A Tribute To My Dad

First of all, I would like to wish all of the fathers out there, a Happy Father’s Day. Today, I am going to pay tribute to my father, but I’m going to tell you a bit about him first. My father is a jack of all trades. The old phrase is “jack of all trades, master of none”, but my father has proven that wrong. He is a talented carpenter and contractor. With the exception of the reno done by Debbie Travis, my father has done every single renovation on our family home himself. When I was a kid we never had to buy paintings because my father is also a talented artist, and paints just as well–if not better–than any of the artists selling prints. My dad can also sew, and make his own patterns. I didn’t know this until I found him in the basement one day, cutting out a pattern so he could make his own pajamas. (He used the sewing machine, and everything!) He also has a beautiful singing voice.

I tell you all of this because my father is too humble to tell you himself. (And there’s nothing wrong with that) One of the first lessons that my father ever taught me was that a person does not have to be loud and controlling to be a leader. He has led this family for almost 40 years from behind the scenes. My mother is the one who gets all the attention, but she would not be the woman she is today had it not been for my father’s constant support. In the mid-to-late 80s, Dad stayed at home part-time to take care of my brother and me. He was comfortable enough in his skin his to allow his wife to be all she was created to be, without feeling threatened.

My dad led our household, not with an iron fist, but with an open heart. My brother and me followed the rules out of reverence for him, not because we were afraid of what would happen. (We still were afraid though! He’s a big guy.)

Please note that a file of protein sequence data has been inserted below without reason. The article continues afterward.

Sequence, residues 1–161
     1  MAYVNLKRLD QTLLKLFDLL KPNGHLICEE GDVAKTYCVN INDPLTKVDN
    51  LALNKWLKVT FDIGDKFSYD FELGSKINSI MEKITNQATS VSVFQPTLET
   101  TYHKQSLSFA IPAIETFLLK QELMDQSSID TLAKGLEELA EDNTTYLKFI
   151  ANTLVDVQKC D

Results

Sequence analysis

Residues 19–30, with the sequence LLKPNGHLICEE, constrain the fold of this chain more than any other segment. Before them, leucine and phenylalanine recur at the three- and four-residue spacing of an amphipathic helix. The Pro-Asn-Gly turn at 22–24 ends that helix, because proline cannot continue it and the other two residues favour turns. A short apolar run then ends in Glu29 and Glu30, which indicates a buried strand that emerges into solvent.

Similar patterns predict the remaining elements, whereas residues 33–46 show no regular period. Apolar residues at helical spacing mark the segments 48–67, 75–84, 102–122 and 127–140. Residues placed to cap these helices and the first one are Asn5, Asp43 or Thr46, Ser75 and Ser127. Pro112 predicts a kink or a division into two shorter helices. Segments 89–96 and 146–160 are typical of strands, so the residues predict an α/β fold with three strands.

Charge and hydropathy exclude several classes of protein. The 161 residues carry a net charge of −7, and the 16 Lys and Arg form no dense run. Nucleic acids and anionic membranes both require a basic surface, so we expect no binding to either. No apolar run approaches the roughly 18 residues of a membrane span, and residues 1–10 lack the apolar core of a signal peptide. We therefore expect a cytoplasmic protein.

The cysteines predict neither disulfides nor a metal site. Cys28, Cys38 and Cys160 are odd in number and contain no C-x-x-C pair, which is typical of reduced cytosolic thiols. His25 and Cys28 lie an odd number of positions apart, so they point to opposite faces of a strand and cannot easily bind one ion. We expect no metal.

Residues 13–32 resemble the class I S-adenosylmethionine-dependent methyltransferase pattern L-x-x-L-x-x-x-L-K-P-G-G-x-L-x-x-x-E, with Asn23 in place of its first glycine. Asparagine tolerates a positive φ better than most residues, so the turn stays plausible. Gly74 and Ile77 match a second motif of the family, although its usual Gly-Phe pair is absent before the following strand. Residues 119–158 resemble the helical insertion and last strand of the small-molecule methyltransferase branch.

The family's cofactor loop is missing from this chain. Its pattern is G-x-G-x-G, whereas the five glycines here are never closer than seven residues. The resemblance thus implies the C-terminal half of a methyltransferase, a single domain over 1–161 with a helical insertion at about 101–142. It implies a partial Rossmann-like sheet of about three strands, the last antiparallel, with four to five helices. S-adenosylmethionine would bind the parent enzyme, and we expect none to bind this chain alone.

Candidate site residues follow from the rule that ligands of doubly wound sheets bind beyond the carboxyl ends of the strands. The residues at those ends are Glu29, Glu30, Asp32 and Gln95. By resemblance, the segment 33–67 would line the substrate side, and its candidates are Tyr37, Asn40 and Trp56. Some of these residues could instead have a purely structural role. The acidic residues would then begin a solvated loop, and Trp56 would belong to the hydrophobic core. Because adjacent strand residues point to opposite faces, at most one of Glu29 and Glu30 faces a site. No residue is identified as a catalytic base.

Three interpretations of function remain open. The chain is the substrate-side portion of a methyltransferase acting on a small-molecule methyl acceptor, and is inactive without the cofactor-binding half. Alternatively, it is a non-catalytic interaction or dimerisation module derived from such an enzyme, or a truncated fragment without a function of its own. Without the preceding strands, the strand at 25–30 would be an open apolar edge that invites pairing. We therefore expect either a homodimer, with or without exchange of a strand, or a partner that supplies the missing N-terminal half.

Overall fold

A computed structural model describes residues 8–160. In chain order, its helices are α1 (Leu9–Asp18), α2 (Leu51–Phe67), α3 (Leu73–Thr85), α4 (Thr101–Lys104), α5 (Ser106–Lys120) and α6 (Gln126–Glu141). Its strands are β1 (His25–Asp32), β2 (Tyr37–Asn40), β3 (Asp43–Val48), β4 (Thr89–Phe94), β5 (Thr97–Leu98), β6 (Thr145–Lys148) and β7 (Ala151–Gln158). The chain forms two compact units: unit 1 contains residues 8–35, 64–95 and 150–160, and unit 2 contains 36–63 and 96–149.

Over the years, Dad has given a lot of good advice. Here are some of his best lines:

“You can’t protect people from their own stupidity.”

“Find the laziest person on your job and do the opposite of what they do. Laziness is a liability.”

“If you can’t fight, just be quiet and leave people alone. You don’t want to take a beating for running your mouth.”

“Guard your singleness. I’d rather you be happy and single, than miserable and married. I don’t want to go to jail for beating the man that messes with my daughter.”

“No job that gives you an honest wage for legal work is beneath you. You need the money, so you can’t afford to be picky.”

“When you do something, do it right the first time, so you don’t have to go back to correct your mistakes.”

“Don’t be a respecter of persons. Everyone is valuable, whether you think they are or not.”

And finally: “[We] don’t start fights. People bring fights to us, and we finish them.”

My father established his role as the earthly head of our family without drawing any attention to himself. He made sure that every person knew how important his or her role was, and admonished us for stepping out of line. When I was younger, I’d get annoyed when mom said, “You’re just like your father!” Now I’m proud of it. Being just like my father means I have a calmness in the middle of a storm. I pay an equal measure of respect to all, regardless of title or position. It means working hard, and having the ability to laugh at oneself. But most of all, it means that I recognize that I am the vessel through which the gifts of God flow rather than the source of the gifts. Thank you, Dad for being all that you are in my life, and in our family.

I am truly blessed to have him in my life.

Blessings to all men, everywhere, whether you are a father or not.

Erie

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